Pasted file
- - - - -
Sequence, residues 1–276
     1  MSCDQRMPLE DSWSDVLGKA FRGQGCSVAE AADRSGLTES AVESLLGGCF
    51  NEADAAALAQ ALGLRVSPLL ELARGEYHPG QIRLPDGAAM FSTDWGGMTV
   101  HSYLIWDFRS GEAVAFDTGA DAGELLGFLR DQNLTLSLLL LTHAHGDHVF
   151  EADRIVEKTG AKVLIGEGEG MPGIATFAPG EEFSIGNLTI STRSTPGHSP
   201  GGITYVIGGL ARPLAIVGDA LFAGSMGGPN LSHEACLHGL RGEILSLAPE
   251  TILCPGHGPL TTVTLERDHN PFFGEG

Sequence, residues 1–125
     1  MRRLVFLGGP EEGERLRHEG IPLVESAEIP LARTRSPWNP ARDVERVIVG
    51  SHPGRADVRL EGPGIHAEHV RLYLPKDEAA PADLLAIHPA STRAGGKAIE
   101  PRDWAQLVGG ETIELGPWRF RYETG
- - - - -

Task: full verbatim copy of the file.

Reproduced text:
Sequence, residues 1–276
     1  MSCDQRMPLE DSWSDVLGKA FRGQGCSVAE AADRSGLTES AVESLLGGCF
    51  NEADAAALAQ ALGLRVSPLL ELARGEYHPG QIRLPDGAAM FSTDWGGMTV
   101  HSYLIWDFRS GEAVAFDTGA DAGELLGFLR DQNLTLSLLL LTHAHGDHVF
   151  EADRIVEKTG AKVLIGEGEG MPGIATFAPG EEFSIGNLTI STRSTPGHSP
   201  GGITYVIGGL ARPLAIVGDA LFAGSMGGPN LSHEACLHGL RGEILSLAPE
   251  TILCPGHGPL TTVTLERDHN PFFGEG

Sequence, residues 1–125
     1  MRRLVFLGGP EEGERLRHEG IPLVESAEIP LARTRSPWNP ARDVERVIVG
    51  SHPGRADVRL EGPGIHAEHV RLYLPKDEAA PADLLAIHPA STRAGGKAIE
   101  PRDWAQLVGG ETIELGPWRF RYETG